Chemotherapy, Immune-Modifying Drugs & Proteasome Inhibitors
While the ultimate goal remains curing multiple myeloma, current drugs cannot completely eliminate the disease. However, these drugs can be used to control multiple myeloma, similar to the way insulin is used to control diabetes.
Our doctors use several classes of drugs to treat multiple myeloma, including chemotherapies, immune-modulating drugs (IMiDs), and proteasome inhibitors. These drugs can be used in various combinations that include two, three, or even four drugs to achieve the best outcomes.
Increasing the number of drugs in combination can improve their effectiveness, but they also increase side effects such as nausea, fatigue, rashes, or more serious conditions such as shortness of breath and seizures. A great deal of research is ongoing at Memorial Sloan Kettering to try to determine the best drug combinations and how to use them most effectively.
You may be treated with medications alone if the drugs show enough benefit in controlling the disease. In other circumstances, your physician may recommend high doses of chemotherapy followed by stem cell transplantation, which replaces the bone marrow cells that chemotherapy destroys.
Chemotherapy is a drug or combination of drugs that spreads throughout the body to kill cancer cells and control their growth. You can receive chemotherapy by mouth or through an IV.
Memorial Sloan Kettering’s multiple myeloma disease management team includes medical oncologists who specialize in planning your chemotherapy for the disease. Our physicians understand the subtleties of chemotherapy regimens and will personalize your treatment, optimizing its strength while minimizing side effects.
The most common chemotherapy treatment for multiple myeloma includes the drug dexamethasone, given either alone or in combination with other chemotherapy drugs such as melphalan, doxorubicin, and cyclophosphamide, or with other types of medications described below.
Immune-modifying drugs can be used to help the immune system fight the cancerous plasma cells or keep them from multiplying. Our doctors use one of three immune-modifying drugs to treat multiple myeloma — thalidomide, lenalidomide, or pomalidomide. These drugs are taken in capsule form and are usually combined with another drug, such as dexamethasone.
Thalidomide, a medicine first used in the late 1950s as a sedative and to combat nausea during pregnancy, was banned for decades after it was found to cause birth defects. In the late 1990s, however, cancer researchers discovered that thalidomide is an effective treatment for myeloma, both in newly diagnosed patients and as a maintenance treatment in patients whose disease has been brought under control, to keep it from returning. Thalidomide is also given to multiple myeloma patients if the disease returns, or relapses.
Lenalidomide (Revlimid®) is a newer form of thalidomide designed to be more potent and have fewer side effects than thalidomide, although both can cause tingling or numbness, fatigue, rashes, and more serious conditions such as shortness of breath or seizures.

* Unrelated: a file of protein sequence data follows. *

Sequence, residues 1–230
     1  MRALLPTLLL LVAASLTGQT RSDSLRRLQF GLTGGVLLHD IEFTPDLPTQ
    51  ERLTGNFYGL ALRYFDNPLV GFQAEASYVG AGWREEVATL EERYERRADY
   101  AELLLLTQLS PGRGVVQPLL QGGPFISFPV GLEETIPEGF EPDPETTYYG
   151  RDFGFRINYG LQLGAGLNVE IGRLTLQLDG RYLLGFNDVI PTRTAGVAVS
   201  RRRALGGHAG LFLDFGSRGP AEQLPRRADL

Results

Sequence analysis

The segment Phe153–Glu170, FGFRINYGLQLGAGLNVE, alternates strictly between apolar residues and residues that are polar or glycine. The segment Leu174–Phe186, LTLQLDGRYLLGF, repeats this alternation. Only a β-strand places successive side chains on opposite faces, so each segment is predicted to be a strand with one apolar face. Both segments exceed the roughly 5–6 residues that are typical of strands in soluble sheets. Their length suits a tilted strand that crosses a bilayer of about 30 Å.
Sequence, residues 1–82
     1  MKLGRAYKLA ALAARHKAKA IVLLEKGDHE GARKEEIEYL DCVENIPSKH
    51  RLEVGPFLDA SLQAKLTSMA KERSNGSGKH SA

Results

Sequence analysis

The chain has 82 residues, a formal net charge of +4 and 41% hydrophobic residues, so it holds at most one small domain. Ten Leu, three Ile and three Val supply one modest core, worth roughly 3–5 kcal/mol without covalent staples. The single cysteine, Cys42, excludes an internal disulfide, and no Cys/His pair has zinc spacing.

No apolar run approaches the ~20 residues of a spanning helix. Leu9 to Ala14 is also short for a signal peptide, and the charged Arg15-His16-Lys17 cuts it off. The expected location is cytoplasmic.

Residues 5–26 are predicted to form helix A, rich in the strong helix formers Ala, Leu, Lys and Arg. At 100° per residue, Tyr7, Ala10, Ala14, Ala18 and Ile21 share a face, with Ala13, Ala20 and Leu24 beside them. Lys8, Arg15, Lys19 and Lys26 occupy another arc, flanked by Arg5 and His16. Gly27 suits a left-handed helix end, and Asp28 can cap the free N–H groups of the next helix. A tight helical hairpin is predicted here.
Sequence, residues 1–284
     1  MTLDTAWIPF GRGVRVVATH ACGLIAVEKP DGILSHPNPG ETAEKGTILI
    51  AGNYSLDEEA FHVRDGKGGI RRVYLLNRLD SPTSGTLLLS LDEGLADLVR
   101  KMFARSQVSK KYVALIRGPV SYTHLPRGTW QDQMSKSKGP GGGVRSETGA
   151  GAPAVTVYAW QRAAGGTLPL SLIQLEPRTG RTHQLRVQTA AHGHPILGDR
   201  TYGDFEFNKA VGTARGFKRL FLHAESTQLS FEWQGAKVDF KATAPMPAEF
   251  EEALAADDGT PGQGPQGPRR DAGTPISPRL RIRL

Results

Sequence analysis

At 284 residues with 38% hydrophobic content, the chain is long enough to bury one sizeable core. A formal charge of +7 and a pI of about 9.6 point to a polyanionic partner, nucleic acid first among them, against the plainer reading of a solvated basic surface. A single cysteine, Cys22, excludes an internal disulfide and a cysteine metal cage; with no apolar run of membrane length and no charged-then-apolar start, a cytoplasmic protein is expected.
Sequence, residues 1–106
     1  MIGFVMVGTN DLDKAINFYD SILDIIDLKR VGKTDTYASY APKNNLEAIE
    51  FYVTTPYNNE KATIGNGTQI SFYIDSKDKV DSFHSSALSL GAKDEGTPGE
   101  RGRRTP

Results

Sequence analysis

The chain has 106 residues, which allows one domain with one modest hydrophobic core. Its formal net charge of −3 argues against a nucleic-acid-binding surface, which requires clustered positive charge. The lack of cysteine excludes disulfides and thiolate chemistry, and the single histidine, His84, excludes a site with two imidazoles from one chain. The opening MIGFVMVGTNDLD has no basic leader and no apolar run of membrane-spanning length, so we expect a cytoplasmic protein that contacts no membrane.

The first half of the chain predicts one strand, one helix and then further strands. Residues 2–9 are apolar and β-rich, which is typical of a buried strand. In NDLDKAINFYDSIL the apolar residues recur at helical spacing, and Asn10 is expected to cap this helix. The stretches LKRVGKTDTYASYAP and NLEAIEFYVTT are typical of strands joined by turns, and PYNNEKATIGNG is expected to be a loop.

Pomalidomide (Pomalyst®) is the most recent immune-modifying drug approved by the US Food and Drug Administration for patients with multiple myeloma. It is similar to lenalidomide, but it can be effective when lenalidomide and other drugs stop working.
Researchers believe thalidomide, lenalidomide, and pomalidomide enhance the body’s immune response to promote the death of cancer cells and to prevent myeloma cell growth and survival in bone marrow. Our doctors use a combination of lenalidomide and low-dose dexamethasone (chemotherapy) to treat many newly diagnosed patients who have limited organ damage.
In 2003, the FDA approved bortezomib (Velcade®), a new type of drug called a proteasome inhibitor, for multiple myeloma. Bortezomib blocks the activity of the proteasome, a complex of enzymes found in cells that normally regulates the removal of defective proteins. Inhibiting proteasome function leads to the accumulation of defective proteins, which can trigger cell death. Cancerous cells such as myeloma cells seem to be more sensitive than normal cells to this effect, although some healthy cells can be harmed.
Bortezomib was the first proteasome inhibitor approved to treat patients who had already been treated with two other types of chemotherapy and whose cancer has still progressed after the most recent therapy. Then, in 2008, partly as a result of clinical trials led by Memorial Sloan Kettering investigators, bortezomib was approved for use against multiple myeloma in the initial phase of treatment, as it was shown to be very effective in these cases.
Carfilzomib (Kyprolis®) is a newer proteasome inhibitor available to multiple myeloma patients for whom bortezomib and other treatments have proven ineffective, or whose multiple myeloma has returned after an earlier treatment. Carfilzomib has different side effects from bortezomib and also can be effective when bortezomib and other drugs stop working.
Memorial Sloan Kettering researchers are developing new agents for cancer treatment at a faster rate than at any time since chemotherapeutic drugs were introduced in the late 1940s. Relying in part on information that is emerging about the genetic basis of multiple myeloma, our investigators are pursuing a variety of strategies to find better drugs to control the disease.
Through clinical trials, our investigators are assessing the optimal timing and combinations of traditional chemotherapy drugs with immune-modifying drugs, such as lenalidomide and pomalidomide, and proteasome inhibitors such as bortezomib. Our researchers also continue to investigate newer proteasome inhibitors, such as MLN9708, and new approaches, such as using higher doses of carfilzomib.